Thursday, January 3, 2013

Forgiveness - Deeply Thoughtful by Anne Bosworth

I wanted to share this wonderful message from my friend, Anne Bosworth.

by Anne Bosworth

What would it take for you to actively seek out an enemy, or someone from whom you are currently estranged, to have an honest, deliberate, balanced/fair conversation and make peace and rebuild the relationship? I'm not talking about re-entering the lives of truly dangerous, abusive people, but rather family and friends with whom you've had a falling out due to some misunderstanding, extenuating circumstances, poor communication, or even people who have drifted away from your life, your group, or your church.

What would it take for you to stop scrolling through Facebook status updates and pick up the phone, or shoot off an email to share a word of kindness, welcome, or even to take responsibility for your role in the problem...and (for the record) you absolutely DID have a role.

If the answer has anything to do with hell freezing over, an apology from the other person, fear of rejection, unresolved anger, lack of time, lack of interest, different paths, or anything else that shifts responsibility or delays the effort're out of line and you're wasting valuable time. Enough already.

First, ask God honestly and regularly to show you your role. Ask Him to correct you and show you what needs to change in YOU. In abusive, unhealthy relationships what needs to change is your acceptance of truly inappropriate treatment. But before you make a pathology of the situation or the other person make sure you're not bandying about psychological buzz words, and popular counseling strategies without being honest about your very real, and probably equally messed up, ways of relating. It's not enough to say, "God, please forgive me for being a bad friend, or making a hasty commitment" and then vow to do better in future relationships. Don't just ask God to help Cousin Suzy (or whomever) forgive you and give you both a good life, without actually taking active responsibility, and making consistent effort to heal the rift to restore the relationship to a mutually satisfying and healthy balance.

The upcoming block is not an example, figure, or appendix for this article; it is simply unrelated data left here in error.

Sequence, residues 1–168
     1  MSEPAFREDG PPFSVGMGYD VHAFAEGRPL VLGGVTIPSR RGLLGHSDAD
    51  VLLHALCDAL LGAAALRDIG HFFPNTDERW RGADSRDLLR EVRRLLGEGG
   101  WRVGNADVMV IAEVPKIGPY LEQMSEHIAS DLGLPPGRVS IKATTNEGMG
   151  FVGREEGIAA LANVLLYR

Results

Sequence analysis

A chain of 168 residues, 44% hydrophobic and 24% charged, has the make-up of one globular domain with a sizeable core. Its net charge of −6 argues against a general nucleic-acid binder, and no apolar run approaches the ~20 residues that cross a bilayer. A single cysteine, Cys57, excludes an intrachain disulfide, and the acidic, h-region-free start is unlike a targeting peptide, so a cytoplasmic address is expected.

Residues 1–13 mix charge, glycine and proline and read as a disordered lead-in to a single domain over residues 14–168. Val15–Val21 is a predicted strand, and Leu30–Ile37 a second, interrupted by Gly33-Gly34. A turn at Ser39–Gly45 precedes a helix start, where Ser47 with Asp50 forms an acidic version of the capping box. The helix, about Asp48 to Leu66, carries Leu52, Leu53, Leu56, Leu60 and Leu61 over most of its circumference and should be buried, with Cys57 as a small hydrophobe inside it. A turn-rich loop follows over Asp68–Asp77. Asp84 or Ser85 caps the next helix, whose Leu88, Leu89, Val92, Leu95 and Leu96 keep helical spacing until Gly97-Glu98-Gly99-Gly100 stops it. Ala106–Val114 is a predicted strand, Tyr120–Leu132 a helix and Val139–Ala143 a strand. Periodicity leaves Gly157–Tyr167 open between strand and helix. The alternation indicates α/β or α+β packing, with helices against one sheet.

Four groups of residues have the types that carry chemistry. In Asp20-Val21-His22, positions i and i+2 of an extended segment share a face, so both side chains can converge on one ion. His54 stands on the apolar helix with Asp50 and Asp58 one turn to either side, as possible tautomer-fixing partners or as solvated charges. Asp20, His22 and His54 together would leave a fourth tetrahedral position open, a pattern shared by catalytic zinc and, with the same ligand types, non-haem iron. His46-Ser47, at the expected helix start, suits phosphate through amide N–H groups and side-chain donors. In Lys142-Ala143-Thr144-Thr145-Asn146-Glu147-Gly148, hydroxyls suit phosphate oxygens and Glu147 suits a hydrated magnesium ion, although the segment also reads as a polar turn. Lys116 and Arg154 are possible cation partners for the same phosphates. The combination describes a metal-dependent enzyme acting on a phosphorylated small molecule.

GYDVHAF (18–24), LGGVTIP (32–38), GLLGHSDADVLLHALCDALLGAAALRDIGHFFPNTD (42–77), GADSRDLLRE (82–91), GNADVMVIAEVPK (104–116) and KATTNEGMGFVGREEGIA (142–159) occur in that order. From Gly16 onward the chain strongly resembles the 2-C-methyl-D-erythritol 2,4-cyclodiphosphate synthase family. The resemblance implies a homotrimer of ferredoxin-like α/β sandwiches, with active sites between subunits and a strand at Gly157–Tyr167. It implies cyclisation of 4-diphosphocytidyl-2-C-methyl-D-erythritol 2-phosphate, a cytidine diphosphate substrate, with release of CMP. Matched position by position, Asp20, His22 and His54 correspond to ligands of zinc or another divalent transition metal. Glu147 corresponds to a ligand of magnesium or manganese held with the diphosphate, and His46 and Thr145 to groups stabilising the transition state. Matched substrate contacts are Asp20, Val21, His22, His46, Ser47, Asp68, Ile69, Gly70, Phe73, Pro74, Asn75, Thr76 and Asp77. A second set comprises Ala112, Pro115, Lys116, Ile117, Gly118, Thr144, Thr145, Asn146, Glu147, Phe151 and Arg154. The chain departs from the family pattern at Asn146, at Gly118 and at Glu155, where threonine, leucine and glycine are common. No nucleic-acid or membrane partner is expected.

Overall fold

Not every effort you make will be received at first, or result in an immediate healing/restoration, but if YOU make peace and reconciliation YOUR habit and your prayer there WILL be positive way or another.

If someone has made overtures of forgiveness, peace, and reconciliation to you...for goodness sake, accept them and build upon them! Go to counseling together if you have to, but get things going and don't give up! If you have been the one making the overtures...don't give up. Keep the person and the situation intentionally at the front of your prayers. God never gave up on you. Don't be so quick to give up on other people...especially those whom you have loved, and those who have clearly loved you. If you have fond, kind, warm memories that were interrupted by a mistake, a traumatic situation, an argument, or sometimes even a terrible tragedy, then chances are good that reconciliation and restoration can and should happen. Even when you have been terribly, terribly wronged by someone...or have done a terrible, terrible wrong to someone...did you ever stop to think of how much darkness and trouble and sin can emerge by way of guilt, shame, and unforgiveness?

For Christians, it begins and ends with Christ. What has He done for you? How much and how often have you been forgiven by and reconciled to Him? What does He ask of you? How will you respond? Does He have any lost causes? Who are you in Him...because of Him? Why would you withhold from someone else what you have been given freely, abundantly, and repeatedly by Him? Don't you think it's time?

Shawn Delia Boreta

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I love people. My life has been spent seeking new friendships and helping others. God's gifting is being worked out into His plan for me. I am excited to share insights of His leadings and lessons.